We would all do well to treat pleasure as the dangerous drug that it is. Yes, God did give us the ability to enjoy pleasing things, but Satan is the one who wants us to take pleasure in nonprofitable things. “But seek ye first the kingdom of God, and his righteousness; and all these things shall be added unto you” (Matthew 6:33). “If ye then be risen with Christ, seek those things which are above, where Christ sitteth on the right hand of God. Set your affection on things above, not on things on the earth” (Colossians 3:1-2). How’s your lawn?

The Shepherd Was Asleep

I have been reminded again how critical it is for the father to be the shepherd at the gate of the sheep pen. In the same way that the pastor is responsible for protecting the flock, the father must always be on the lookout to protect those God has given him.

A number of months ago my two adult sons told me about a new fiction novel they had read about the end-times, and they thought it was great. It sounded interesting and even a little tempting, but for quite a few years now, I’ve been able to avoid recreational reading. The issue is not whether the books are bad (some are and some aren’t), but whether there is a better use of my time.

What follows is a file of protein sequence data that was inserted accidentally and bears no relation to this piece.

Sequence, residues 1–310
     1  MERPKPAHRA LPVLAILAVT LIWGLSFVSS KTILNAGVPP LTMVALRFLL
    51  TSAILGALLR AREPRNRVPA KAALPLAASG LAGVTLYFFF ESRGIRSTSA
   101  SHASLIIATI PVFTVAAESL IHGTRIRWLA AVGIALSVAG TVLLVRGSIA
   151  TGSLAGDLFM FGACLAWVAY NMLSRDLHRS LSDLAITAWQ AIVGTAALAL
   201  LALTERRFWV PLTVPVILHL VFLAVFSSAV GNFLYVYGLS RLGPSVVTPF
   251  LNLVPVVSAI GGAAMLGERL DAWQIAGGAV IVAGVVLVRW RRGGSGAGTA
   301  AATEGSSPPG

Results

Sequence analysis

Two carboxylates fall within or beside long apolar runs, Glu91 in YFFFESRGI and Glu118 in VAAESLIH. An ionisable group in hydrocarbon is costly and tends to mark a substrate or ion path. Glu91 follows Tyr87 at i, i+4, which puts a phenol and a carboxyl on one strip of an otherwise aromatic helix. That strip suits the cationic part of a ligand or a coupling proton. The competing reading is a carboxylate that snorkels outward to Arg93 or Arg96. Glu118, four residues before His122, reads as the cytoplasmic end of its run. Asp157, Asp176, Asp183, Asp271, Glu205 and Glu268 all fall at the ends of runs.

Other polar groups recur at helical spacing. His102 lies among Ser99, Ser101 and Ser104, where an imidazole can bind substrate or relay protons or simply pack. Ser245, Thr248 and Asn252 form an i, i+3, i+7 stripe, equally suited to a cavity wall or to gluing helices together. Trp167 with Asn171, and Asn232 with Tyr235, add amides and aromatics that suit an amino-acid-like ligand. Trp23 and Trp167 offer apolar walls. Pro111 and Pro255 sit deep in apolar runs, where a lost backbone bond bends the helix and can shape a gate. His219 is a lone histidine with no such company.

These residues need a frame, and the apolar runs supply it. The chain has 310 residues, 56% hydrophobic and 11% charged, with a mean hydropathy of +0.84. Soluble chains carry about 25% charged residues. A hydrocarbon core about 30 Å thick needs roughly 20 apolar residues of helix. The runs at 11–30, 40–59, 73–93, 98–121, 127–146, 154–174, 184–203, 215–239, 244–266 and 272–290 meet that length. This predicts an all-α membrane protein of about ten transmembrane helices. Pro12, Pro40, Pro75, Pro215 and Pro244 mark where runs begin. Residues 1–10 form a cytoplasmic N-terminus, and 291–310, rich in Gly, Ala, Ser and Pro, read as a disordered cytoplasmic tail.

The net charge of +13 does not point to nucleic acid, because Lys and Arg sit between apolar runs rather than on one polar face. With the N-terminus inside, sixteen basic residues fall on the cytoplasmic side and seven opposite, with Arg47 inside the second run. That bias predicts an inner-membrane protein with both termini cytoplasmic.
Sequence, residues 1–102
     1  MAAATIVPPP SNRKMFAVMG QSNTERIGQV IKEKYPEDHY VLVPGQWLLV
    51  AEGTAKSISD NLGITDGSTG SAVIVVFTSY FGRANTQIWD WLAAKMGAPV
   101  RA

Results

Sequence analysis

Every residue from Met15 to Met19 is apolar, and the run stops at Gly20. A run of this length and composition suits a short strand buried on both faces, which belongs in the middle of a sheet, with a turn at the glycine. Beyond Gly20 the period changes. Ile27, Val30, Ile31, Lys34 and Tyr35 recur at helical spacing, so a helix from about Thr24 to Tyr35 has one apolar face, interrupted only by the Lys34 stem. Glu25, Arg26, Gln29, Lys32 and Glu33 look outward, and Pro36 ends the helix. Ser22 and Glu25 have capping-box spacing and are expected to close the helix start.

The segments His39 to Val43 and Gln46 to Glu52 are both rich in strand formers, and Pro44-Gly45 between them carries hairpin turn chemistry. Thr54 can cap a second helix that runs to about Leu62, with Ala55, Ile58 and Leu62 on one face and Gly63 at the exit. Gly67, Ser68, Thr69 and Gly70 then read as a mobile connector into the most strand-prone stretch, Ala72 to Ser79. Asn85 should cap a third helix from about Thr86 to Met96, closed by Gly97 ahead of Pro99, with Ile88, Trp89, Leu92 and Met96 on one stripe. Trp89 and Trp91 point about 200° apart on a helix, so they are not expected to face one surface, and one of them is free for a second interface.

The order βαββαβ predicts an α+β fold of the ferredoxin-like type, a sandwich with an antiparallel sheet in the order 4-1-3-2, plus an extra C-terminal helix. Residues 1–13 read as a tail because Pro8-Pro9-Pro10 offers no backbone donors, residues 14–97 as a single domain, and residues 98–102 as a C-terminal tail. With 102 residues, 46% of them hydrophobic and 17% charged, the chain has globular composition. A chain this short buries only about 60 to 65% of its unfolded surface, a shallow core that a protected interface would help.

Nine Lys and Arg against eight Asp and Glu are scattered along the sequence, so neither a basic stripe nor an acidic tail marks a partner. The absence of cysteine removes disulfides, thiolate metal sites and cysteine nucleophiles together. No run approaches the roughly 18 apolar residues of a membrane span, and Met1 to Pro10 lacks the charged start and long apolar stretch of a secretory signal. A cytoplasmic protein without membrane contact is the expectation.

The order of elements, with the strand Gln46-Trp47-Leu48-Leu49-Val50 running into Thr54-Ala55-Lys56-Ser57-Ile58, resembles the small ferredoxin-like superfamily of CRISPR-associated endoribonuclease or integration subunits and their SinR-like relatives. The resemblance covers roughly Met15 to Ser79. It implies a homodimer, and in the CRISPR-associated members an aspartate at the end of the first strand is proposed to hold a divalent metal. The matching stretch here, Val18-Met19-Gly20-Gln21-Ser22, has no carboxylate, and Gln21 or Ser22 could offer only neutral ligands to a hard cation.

My heart’s desire is that I would spend my time as the Lord Jesus would have me spend it. I know there is a world of fun things out there that might not be classified as sin, but the question is, are they profitable? I truly want to use my time obediently, doing God’s best and not settling for anything less. I don’t share that arrogantly, but as the sincere desire of my heart.